9-1-1 Frequently Asked Questions
What if I call 9-1-1 by accident?
DO NOT HANG UP! Stay on the line and tell the dispatcher that everything is all right. If you don’t the dispatcher may think that something is wrong and send a deputy.
Why do you refer to it as "9-1-1" instead of "911"?
The dashes help make it clear that there are three separate digits to dial. Without the dashes, it might be spoken verbally as "nine-eleven." Children may take this literally and search for a non-existent "eleven" key on a phone. Also, the September 11, 2001 attacks on the World Trade Center are referenced as "911".
What if I use a TTY Machine?
If you use a Text Telephone (TDD, TTY) machine for the deaf, make sure you know the correct way to dial 9-1-1 on your machine. After dialing 9-1-1, tap several letter keys on the keyboard to alert the dispatcher, and then wait several moments. Repeat this procedure until the dispatcher answers. The Riverside County Sheriff’s Department Communications Center has TTY capabilities.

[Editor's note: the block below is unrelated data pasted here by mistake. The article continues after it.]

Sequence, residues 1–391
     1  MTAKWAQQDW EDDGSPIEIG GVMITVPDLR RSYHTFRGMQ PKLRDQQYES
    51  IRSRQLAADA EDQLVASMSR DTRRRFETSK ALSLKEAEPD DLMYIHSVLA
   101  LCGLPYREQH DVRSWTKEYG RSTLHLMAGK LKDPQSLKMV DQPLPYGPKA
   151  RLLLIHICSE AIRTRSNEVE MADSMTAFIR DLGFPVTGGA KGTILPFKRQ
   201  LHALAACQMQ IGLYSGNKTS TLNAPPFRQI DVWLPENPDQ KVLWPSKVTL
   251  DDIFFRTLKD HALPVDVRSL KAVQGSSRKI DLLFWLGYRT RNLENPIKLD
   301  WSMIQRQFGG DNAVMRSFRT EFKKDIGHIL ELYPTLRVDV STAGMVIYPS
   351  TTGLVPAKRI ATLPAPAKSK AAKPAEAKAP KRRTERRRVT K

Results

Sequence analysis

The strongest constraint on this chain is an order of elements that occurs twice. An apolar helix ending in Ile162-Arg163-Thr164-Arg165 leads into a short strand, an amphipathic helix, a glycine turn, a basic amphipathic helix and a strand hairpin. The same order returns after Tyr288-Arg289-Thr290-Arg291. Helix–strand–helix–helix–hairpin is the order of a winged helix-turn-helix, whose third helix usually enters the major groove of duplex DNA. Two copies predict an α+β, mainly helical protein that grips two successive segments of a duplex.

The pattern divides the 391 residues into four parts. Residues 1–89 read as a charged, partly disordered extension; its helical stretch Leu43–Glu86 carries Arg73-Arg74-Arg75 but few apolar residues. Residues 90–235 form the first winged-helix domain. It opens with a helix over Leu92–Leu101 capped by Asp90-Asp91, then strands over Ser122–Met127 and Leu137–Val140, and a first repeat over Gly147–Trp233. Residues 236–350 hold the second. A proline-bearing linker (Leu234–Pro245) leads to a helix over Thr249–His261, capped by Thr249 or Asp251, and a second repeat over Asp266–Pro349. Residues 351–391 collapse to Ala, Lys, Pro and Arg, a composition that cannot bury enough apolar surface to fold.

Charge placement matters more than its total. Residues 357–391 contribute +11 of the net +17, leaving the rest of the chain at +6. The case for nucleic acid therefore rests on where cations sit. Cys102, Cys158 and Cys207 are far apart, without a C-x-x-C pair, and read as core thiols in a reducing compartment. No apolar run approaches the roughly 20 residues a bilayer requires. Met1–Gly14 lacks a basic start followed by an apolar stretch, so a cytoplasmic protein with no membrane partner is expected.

What if I speak limited English?
In California, the 9-1-1 dispatcher is able to connect you with a translator. Depending on the language spoken, it may take a few moments for the translator service to locate a translator. If you speak limited English or none at all, tell the dispatcher that there is an emergency and which language you speak. There may be a short delay while the dispatcher connects the caller with a translator. Do not hang up.
Why is it important to use 9-1-1 correctly?
It is difficult at times to reach the 9-1-1 dispatcher. One reason this happens is because many people call 9-1-1 when there is no emergency. The dispatcher must spend time talking to these people instead of helping others who have real emergencies. That is why it is important to call 9-1-1 only when there is a life threatening emergency.